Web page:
Tuesday, January 22, 2008

More on Partisanship vs. Ideology

I just stumbled across this extremely old post at Coyote Blog that hits a home run in terms of fleshing out the problems with "pu-pu platter partisanship," or as he calls it "politics without philosophy."

In my view, the biggest cause of the heated rhetoric and immediate dismissal of all things "bipartisan" is "pu-pu platter partisanship" or "politics without philosophy." When you have differences of opinion on political philosophy, you can explore where those philosophical differences arise and whether a compromise can be worked out on an issue that is consistent with both philosophies. If that will not be possible, the impossibility will be readily apparent, and you can move on. Moreover, you wind up at least understanding the root cause of your differences such that on future issues you may be able to work together in a way that is consistent with both aims. Thus, even when compromise is impossible, you at least walk away from the situation with at least a grudging respect for each other.

But when you are dealing with someone who engages in "pu-pu platter partisanship" or "politics without philosophy," a positive result (either compromise or at least a grudging respect without compromise) becomes impossible. This is because you cannot engage in rational discussion with someone whose political positions lack any philosophical grounding other than "the positions of the Democratic/Republican party," or "I'm for government intervention except when I'm against it." Instead, the party's position IS the philosophy, as I've argued before, even though the party's position is nothing more than the aggregate of top-priority issues of its constituent interest groups. The reason this makes rational discussion impossible is that a completely different set of logic applies to each position the person holds; the fact that this set of logic is completely inconsistent with the person's logic on another issue never crosses their mind. It is, in a word, doublethink.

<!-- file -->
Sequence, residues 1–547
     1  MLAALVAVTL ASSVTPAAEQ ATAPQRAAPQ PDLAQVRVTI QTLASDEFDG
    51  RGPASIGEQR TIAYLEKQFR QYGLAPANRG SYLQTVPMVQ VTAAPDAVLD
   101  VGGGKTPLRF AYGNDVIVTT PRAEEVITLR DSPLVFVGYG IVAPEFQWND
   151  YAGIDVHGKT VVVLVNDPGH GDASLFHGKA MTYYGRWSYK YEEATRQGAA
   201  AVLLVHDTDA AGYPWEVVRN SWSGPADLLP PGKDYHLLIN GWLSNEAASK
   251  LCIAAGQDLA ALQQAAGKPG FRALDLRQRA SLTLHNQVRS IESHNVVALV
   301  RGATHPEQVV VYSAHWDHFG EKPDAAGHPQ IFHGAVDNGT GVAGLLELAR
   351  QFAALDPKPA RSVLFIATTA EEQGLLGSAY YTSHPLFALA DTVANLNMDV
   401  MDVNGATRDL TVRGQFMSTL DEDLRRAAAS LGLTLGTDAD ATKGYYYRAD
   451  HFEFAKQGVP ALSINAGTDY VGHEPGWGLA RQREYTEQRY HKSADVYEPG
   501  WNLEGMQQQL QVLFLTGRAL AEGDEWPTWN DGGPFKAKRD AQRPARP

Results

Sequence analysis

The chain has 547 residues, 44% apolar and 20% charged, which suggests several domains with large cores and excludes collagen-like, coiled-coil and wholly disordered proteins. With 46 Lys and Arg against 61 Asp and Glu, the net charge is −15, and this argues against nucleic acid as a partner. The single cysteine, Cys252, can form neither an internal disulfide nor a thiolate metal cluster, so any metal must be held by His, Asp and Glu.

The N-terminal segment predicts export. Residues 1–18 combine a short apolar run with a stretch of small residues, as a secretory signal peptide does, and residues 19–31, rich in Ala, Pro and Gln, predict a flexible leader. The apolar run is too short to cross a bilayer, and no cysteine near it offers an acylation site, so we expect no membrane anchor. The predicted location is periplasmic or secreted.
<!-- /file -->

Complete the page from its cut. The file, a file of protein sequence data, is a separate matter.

When there is no philosophical underpinning to an opinion, it is impossible to engage the person on terms that they can understand. They have no ultimate goal for how society should look, and so the policy is a goal or principle unto itself and thus not subject to compromise. In order to justify such an uncompromising attitude, the individual must view the opposition as fundamentally evil and thus unworthy of acknowledgement.

And this is how you get the hyperpartisanship characterized by those who condemn Obama for (gasp!) speaking positively about Ronald Reagan, or daring to acknowledge that there is a major problem with Social Security's stability. It is also how you get the hyperpartisanship of Rush Limbaugh when he condemns John McCain for his stance on immigration and fiscal responsibility or when Republicans simply dismiss Ron Paul and anti-war activists as "Blame America Firsters."

It is my position and belief that the politician with a cogent political philosophy is the politician that is most likely to engage in bipartisanship, while the politician whose philosophy is governed primarily by his party's talking points will be the least likely to engage in bipartisanship. In the process, the principled bipartisan will actually build coalitions that achieve or work towards broad philosophic goals, while the "pu-pu platter partisan" will simply push through whatever policies he can without regard to whether the policy achieves some fundamental underlying goal.